They can't take the heat.

Posted by: Les Nessman at August 3, 2004 05:45 PM | Permalink to this comment Permalink

Les,

I have not redirected anything. Read my last post regarding Kerry's policies....????

Posted by: Eric Martin at August 3, 2004 05:49 PM | Permalink to this comment Permalink

praktike is correct. The withdrawl is already taking place.

However, he glances past the obvious reason why a withdrawl is taking place. Saddam is gone. The Ba'ath Party is predominatly dismantled as a political force. The means of economic and political control have been severed into thousands of capillary factions all feeding into the overall sanctity of Iraq.

The attacks, bombings and gun battles are not about US presence in Iraq. They're about political and economic issues. People want to be heard. They want contracts. They want to self determination. But the Arab way is nothing like the Turkish way or the Italian way or the French way.

As the media will inform the masses, uproar outside of Iraq will focus on the "foreign presence" in Iraq. This is a distraction from the obvious. The haves under Saddam are finding they are now the havenots. Many are not high enough targets to warrant their own playing card, but they are former strongmen that were the heads of their own clans.

Neither the Bush or the Kerry team was sounding these calls months ago, but editorialists were. Removing the US troops from many of these battles was necessary because they had to happen. Each team was consistentyly pitching inside to the other and eventually someone had to get hit and the benches cleared. The strongman is supported because that's exactly what Iraq needs right now. He's an arbitrator. Give him time.

Kerry's position is the same as Bush. Keep your mouth shut. However, Kerry has the tougher battle ahead to try and separate himself from Bush. The tired old "build a real coalition" to draw in France, Germany and Belgium isn't going to happen. It can't happen.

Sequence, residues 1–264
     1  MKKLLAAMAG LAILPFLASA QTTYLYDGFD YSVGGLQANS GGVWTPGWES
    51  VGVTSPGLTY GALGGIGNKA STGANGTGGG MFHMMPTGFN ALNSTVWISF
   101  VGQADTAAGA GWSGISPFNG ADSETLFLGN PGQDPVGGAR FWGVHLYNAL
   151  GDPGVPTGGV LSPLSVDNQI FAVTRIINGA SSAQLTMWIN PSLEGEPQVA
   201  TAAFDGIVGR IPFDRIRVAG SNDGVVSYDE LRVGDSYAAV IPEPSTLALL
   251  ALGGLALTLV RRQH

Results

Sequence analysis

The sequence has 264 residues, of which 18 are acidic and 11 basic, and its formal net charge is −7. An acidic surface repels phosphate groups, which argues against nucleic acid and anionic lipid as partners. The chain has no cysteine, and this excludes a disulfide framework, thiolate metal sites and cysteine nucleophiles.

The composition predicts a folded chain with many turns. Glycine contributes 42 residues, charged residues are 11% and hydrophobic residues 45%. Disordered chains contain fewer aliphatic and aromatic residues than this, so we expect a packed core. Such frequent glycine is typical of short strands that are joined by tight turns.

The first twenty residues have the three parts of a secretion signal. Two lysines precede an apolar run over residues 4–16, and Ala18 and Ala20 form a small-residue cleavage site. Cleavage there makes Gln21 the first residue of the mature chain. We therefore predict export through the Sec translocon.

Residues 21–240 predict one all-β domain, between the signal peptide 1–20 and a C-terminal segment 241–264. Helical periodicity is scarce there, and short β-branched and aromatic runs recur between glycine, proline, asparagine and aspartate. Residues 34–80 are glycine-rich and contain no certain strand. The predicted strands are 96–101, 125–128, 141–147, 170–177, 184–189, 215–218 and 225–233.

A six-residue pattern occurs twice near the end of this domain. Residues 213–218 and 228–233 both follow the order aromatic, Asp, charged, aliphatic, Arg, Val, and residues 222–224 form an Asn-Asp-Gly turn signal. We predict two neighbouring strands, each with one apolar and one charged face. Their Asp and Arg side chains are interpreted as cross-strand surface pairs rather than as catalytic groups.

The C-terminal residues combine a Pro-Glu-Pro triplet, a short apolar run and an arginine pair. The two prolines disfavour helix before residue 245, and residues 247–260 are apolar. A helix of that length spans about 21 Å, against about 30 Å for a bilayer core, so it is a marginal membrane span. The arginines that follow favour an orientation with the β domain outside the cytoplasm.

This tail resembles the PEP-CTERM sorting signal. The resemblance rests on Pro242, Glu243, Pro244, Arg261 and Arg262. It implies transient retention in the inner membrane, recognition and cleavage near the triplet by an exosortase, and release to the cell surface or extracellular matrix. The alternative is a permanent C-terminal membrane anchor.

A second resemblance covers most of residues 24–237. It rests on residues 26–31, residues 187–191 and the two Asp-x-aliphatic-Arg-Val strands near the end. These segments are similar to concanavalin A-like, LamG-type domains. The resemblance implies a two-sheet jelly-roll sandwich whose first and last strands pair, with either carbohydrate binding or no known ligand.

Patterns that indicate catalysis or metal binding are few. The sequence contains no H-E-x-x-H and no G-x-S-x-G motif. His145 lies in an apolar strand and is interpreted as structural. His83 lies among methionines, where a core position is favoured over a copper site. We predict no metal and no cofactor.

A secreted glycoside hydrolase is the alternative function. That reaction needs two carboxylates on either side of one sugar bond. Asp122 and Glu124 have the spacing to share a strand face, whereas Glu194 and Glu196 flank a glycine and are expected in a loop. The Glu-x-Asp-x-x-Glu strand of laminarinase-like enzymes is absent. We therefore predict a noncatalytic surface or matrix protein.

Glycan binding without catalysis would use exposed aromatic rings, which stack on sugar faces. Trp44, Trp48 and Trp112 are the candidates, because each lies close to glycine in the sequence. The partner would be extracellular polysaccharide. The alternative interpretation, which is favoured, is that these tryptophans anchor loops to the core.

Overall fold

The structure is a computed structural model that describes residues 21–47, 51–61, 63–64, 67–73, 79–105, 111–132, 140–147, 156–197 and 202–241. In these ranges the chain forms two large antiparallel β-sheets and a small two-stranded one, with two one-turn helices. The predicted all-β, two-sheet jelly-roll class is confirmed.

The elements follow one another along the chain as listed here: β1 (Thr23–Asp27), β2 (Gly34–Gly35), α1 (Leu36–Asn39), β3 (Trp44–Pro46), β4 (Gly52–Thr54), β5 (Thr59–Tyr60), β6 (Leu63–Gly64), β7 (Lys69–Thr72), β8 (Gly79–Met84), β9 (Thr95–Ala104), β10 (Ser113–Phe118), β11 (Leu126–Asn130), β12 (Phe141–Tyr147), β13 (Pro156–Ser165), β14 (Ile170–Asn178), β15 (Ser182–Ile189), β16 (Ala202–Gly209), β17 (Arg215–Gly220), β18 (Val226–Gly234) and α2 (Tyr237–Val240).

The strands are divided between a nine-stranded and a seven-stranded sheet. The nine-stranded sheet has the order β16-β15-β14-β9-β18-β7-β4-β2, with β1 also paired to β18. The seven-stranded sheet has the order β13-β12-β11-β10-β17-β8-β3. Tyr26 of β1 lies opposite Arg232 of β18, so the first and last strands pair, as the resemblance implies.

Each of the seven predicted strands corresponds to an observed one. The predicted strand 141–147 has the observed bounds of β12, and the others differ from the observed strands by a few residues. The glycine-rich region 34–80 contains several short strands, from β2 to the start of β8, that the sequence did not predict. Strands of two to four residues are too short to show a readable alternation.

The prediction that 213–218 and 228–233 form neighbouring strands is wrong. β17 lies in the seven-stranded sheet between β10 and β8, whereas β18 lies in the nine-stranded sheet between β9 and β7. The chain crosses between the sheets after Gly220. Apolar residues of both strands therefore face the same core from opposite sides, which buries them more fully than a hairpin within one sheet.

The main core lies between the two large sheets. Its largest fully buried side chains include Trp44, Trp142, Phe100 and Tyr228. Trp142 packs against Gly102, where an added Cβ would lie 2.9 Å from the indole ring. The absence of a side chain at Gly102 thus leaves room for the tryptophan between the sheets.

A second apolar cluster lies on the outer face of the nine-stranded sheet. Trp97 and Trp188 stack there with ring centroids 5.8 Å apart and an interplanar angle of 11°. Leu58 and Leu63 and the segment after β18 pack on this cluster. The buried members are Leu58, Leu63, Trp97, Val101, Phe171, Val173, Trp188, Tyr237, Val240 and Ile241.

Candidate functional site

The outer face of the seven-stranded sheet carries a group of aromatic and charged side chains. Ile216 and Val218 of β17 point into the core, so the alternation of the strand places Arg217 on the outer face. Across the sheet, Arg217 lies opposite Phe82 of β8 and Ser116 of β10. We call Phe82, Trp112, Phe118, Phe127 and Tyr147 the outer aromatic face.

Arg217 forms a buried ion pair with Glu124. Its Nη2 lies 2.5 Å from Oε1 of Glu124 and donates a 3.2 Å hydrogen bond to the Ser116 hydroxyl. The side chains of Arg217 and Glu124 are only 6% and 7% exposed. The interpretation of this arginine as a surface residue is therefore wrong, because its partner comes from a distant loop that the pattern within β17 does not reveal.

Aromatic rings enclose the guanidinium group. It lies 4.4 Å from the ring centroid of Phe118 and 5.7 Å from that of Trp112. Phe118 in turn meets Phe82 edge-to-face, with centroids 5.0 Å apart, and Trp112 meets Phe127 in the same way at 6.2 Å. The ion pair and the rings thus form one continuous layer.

If there's one thing independent voters want it's foreign control of US elections. Right?

Posted by: Brennan Stout at August 3, 2004 06:02 PM | Permalink to this comment Permalink

My quick hits.

Kerry isn't going to withdraw any troops.
Holbrooke won't add any nations to the coalition.
The UN will provide no further support.

Neither will a re-elected Bush. I just don't see Bush saying he's gonna do all these things Kerry says he can do.

Posted by: Brennan Stout at August 3, 2004 06:08 PM | Permalink to this comment Permalink

I'll be happy to listen to the reasons why I'm wrong, but I honestly don't believe the results of the U.S. Presidential election will have a major effect, one way or the other, on the schedule for U.S. troop withdrawal from Iraq.

I don't think France, Spain, or Germany will send any troops even if Mr. Kerry is elected. Actually, the leaders of these nations have already said as much.

But it doesn't matter. The key to finishing this job is not internationalization. The key is Iraqification. And I believe Iraqification will succeed, no matter who is U.S. President.

Posted by: Arjun at August 3, 2004 06:10 PM | Permalink to this comment Permalink

By the way, as a Lieberman Democrat, I'm in favor of democracy in Iraq. But Mr. Kerry's "realistic" emphasis on stability, while unappealing, is not important: Everyone knows there can be no democracy without stability, and President Kerry will discover that there can be no stability without some form of democracy.

Posted by: Arjun at August 3, 2004 06:12 PM | Permalink to this comment Permalink

Just to give some context -- Iraqification is going to take something on the order of 5-10 years.

Keep that in mind.

Posted by: praktike at August 3, 2004 06:15 PM | Permalink to this comment Permalink

I have always maintained, on this site and elsewhere, that there is not much difference between the Kerry and Bush plans.

The realistic options now are limited to the exigencies of the situation on the ground. That is why I find all of this "cut and run" rhetoric to be so disingenuous.

Similarly, I do not believe that Kerry has a magic wand for getting the recalcitrant France, Germany and Russia involved.

My differences with the Bush team is more on the post-war planning (or lack thereof), and the ultimate decision to invade in the first place.

Posted by: Eric Martin at August 3, 2004 06:21 PM | Permalink to this comment Permalink

I believe you (since I don't know). Looks like my timeline is excessively optimistic.